NEARLY 28 MILLION passengers passed through Dublin Airport last year – over 2.8 million more than for the previous peak recorded in 2015.
Annual figures released this morning for the DAA-owned transport hub showed passenger numbers were up 11% last year to 27.9 million for the 12-month period.
The vast bulk of the travellers were short-haul passengers, with the contingent growing 11% to 24.3 million in 2016. Long-haul traffic grew 12% to 3.6 million passengers.
Dublin Airport has been the fastest-growing major airport in Europe over the past year, with 19 new routes added during 2016.
The airport’s managing director, Vincent Harrison, said a 29% increase in passengers over the past two years had led to an estimated 5,200 extra jobs in the Dublin Airport campus.
“Significant additional connectivity at the airport also helps to boost business between Ireland and its trading partners and underpins increased foreign direct investment in Ireland,” he said.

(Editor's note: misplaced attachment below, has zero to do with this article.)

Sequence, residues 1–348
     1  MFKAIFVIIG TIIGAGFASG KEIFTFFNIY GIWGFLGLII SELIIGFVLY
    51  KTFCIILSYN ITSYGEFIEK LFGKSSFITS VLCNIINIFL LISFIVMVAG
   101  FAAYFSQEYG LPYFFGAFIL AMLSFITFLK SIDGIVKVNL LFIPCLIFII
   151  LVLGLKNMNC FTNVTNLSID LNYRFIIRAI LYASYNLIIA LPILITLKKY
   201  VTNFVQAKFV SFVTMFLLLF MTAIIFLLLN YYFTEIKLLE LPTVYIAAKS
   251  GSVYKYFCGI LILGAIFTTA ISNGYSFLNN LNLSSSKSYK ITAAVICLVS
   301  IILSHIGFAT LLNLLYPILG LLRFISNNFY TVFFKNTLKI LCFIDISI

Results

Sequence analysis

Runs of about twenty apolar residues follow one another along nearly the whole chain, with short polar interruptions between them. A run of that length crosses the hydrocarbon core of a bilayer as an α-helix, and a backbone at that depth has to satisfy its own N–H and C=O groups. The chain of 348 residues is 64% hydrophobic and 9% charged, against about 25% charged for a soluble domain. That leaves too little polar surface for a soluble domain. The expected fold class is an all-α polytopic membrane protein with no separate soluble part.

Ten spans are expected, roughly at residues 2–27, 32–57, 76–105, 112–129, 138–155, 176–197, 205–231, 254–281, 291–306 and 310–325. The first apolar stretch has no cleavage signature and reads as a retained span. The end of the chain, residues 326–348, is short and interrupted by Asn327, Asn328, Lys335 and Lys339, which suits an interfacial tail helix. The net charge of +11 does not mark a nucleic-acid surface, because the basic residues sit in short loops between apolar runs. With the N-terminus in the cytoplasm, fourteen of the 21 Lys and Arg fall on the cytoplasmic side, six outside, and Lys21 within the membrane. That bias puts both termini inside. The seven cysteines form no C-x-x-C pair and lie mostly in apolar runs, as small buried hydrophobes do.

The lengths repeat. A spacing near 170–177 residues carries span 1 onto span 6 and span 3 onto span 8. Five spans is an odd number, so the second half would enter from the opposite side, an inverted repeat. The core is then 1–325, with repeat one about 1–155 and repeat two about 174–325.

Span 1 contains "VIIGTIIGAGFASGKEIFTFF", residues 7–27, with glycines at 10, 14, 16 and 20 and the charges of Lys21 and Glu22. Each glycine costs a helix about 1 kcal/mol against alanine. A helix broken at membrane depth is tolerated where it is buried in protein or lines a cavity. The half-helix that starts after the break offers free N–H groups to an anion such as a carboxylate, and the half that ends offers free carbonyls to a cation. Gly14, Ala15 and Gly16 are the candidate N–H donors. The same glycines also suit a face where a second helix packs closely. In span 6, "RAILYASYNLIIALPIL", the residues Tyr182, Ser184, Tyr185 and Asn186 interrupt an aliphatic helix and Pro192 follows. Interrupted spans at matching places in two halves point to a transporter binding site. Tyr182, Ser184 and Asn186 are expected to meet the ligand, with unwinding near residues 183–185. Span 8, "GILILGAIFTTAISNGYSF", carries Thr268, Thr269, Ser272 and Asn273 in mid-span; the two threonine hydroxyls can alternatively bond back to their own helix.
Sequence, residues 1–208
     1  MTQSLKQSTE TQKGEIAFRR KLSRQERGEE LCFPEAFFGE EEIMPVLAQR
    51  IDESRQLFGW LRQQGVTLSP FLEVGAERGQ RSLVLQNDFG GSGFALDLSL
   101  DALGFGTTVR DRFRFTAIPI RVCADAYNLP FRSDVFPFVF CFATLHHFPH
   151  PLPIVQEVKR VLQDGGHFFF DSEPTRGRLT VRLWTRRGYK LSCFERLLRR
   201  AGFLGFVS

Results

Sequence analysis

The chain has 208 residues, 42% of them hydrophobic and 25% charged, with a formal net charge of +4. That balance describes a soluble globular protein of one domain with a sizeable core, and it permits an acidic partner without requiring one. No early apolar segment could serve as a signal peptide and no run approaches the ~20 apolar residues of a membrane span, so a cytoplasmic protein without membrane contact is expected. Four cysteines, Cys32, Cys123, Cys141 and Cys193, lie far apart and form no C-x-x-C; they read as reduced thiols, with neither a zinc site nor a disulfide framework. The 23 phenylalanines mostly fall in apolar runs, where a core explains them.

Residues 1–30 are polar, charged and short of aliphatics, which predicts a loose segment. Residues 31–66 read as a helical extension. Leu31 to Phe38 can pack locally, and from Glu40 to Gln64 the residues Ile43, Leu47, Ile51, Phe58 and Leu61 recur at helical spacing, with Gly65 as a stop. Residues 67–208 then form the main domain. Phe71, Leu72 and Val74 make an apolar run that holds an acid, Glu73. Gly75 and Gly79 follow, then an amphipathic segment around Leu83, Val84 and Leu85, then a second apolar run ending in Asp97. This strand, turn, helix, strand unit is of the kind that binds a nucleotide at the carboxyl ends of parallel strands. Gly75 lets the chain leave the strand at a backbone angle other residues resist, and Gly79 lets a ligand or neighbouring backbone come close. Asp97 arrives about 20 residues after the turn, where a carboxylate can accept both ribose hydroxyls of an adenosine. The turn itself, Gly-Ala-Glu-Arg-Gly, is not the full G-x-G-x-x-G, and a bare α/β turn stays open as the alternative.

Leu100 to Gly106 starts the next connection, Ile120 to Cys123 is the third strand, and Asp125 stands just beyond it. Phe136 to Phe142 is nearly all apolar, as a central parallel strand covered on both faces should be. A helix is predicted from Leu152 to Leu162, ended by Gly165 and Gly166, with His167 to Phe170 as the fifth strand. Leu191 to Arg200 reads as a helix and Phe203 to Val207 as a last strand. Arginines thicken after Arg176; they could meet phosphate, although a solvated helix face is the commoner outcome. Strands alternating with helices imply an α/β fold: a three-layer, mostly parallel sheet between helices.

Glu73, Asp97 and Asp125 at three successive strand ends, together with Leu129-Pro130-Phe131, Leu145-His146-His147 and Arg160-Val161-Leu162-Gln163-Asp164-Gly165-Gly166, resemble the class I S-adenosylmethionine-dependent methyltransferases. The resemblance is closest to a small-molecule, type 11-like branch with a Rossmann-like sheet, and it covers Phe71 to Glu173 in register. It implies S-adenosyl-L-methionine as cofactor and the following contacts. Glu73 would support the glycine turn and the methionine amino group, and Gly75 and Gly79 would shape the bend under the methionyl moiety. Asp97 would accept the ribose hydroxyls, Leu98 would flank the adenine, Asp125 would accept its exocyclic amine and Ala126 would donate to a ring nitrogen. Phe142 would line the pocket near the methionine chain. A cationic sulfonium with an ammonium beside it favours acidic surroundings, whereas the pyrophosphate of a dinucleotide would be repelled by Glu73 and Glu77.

The DAA last year announced it planned to start work on a second runway at the airport to cope with the increased demand. It is expected to be completed by 2020 at a cost of €320 million.
The Department of Transport has also issued a request for tenders to look at the possible construction of a third terminal at Dublin Airport.
European destinations accounted for more than half of all passengers passing through the airport, with UK traffic alone representing more than one-third of all passengers.
Transatlantic traffic was the fastest-growing segment, up 16% to 2.9 million passengers last year.
However there was a 3% drop in traffic to other destinations, mainly made up of flights to the Middle East and Africa, due to a fall in capacity.
The 11% growth in passengers last year at Dublin Airport outstripped the 8% increase in traffic through the DAA-owned Cork Airport for 2016.
Increases in passengers through the country’s major air hubs has come as Ireland’s tourism sector continues a major growth phase.
While some operators fear a likely drop in visitors from the country’s key market, the UK, with the weak pound, a significant decrease is yet to materialise.